I am seriously thinking of having them walk my dog down who will be the ring bearer, but my dog isn’t so good on a lease. Something we have to work out in the 2 years.
The guest book attendent is a great idea!
Post # 7
@SarahTee: Who is bringing up the gifts in the offertory procession? That’s a good way to include people in the wedding, if you are having a mass. If you are having just a liturgy of the word, I’m not sure how to involve quite that many in the ceremony.
Can your older cousin with downs officially greet people as they enter, and say welcome, you can get your programme from these girls here and point. Perhaps making sure to say in your instructions “it’s ok if you miss some people, because you are all a team.” and also make sure an adult is there to help her in case she becomes frustrated that things aren’t going how she envisioned. Sorry if I’m not accurate about my perception of issues with downs; I only know a little about it. they’d do know they tend to be very warm, and compassionate people, so I am sure she would make people feel warm and welcome at the Church steps.
Is anyone ringing the bell when you leave the church? Could she do that? What about helping to decorate the church?
Post # 8
@Duncan: Theses are all great ideas! Thanks! And you’re absolutely right about my cousin, she is an absolute doll, and I’m sure if I tell her what you suggested, she’d understand and it would make her feel better about sharing the task. Honestly, when all is said and done, I don’t care about people getting multiple programs (as long as they aren’t made of gold and cost 50 bucks a pop! ), I just don’t want her to be upset on a day I hope is wonderful and special for the whole family.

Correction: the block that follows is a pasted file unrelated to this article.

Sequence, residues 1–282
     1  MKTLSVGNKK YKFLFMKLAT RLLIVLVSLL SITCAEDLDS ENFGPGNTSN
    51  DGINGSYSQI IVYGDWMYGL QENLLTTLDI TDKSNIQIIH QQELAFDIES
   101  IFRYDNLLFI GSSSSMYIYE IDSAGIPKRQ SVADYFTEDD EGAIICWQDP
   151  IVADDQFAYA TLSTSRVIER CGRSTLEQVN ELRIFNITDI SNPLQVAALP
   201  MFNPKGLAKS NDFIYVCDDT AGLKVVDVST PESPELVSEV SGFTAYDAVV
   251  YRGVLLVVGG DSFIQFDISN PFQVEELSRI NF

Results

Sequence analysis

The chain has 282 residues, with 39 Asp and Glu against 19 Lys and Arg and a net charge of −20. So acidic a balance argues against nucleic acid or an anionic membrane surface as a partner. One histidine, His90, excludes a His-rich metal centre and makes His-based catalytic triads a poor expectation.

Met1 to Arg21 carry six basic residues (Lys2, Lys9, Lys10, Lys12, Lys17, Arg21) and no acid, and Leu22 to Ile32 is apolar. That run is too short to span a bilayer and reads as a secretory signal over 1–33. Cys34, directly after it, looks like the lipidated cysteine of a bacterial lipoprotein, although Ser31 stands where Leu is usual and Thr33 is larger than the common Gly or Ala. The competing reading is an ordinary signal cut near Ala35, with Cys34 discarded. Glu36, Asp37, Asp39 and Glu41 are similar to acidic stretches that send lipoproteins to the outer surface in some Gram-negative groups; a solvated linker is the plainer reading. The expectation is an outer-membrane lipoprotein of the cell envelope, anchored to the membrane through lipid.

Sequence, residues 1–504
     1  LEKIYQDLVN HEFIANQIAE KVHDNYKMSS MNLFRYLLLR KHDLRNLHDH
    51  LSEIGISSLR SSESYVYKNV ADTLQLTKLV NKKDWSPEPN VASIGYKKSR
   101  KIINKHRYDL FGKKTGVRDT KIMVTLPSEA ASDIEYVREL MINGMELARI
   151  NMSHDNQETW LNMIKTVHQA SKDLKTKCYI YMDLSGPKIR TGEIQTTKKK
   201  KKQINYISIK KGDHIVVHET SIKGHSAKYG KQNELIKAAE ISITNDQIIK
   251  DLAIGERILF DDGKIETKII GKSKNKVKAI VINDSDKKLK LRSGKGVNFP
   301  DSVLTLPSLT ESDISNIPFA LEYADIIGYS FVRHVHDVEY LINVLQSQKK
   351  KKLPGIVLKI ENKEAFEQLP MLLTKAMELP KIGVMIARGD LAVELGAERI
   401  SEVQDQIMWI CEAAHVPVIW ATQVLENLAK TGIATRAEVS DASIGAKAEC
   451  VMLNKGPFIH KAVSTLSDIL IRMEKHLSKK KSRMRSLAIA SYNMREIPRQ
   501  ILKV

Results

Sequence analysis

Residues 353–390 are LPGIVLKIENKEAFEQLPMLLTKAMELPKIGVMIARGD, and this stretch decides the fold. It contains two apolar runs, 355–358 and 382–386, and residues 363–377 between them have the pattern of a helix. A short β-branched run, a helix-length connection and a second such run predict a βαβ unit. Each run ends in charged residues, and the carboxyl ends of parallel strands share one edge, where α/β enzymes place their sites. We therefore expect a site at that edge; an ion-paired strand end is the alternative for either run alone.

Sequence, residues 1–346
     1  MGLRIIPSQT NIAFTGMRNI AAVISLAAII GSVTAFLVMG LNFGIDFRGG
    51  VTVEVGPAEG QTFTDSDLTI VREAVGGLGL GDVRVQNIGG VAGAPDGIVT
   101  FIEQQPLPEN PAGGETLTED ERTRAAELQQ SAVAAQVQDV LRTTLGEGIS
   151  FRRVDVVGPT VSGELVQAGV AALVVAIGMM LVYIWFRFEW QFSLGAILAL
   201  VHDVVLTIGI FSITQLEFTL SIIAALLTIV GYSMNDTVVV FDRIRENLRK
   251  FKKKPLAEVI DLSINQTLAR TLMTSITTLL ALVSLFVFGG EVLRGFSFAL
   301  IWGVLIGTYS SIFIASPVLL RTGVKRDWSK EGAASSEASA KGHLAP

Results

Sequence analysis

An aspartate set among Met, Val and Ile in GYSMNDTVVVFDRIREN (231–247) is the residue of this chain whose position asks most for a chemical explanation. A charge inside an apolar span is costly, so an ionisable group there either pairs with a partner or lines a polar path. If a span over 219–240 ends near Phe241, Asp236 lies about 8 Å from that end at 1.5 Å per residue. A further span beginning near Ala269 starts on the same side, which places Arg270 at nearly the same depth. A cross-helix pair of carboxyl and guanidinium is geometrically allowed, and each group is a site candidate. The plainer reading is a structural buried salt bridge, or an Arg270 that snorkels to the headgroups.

OOOO and also, is the bell ringing a typical part of every wedding service in a church? My FI and I are actually not religious (baptized, but not practicing), but both of our families are, and we are getting married in the church to please them (and avoid the inevitable backlash if we do anything besides that).
Post # 9
@SarahTee: The bell ringing is an old tradition that isn’t done much after all, but I love it. Plus, not every church has a steeple with a bell(s) anymore.
Yeah, from my limited knowledge (I’m more familiar with ASD, but know a little about down’s from reading and CBC radio) I’m thinking if you give her a basic script so she knows exactly what to do and say, she’ll just put on the world’s brightest smile and beam at everyone.
Post # 10
@SarahTee: I haven’t seen them in a while, but when I was little, we had rice girls. Generally, they were that 8-13 age range where you aren’t old enough to be a bridesmaid but too old to be a flower girl. They held the basket of rice bags to be tossed at the end of the wedding. They would pass out the bags before and after the ceremony to be tossed and processed with the wedding party and sat with the flower girls. My older sister was always the rice girl and I remember really wanting to be one, but by the time I was old enough, no one was getting married.
Post # 11
We aren’t having kids at our wedding, so no flower girls, but there are some teenage cousins who are invited. They already expressed wanting to be in the wedding, but I already chose my bridal party. The girls will help out with programs, bubbles, etc, and the boys will be ushers for guests.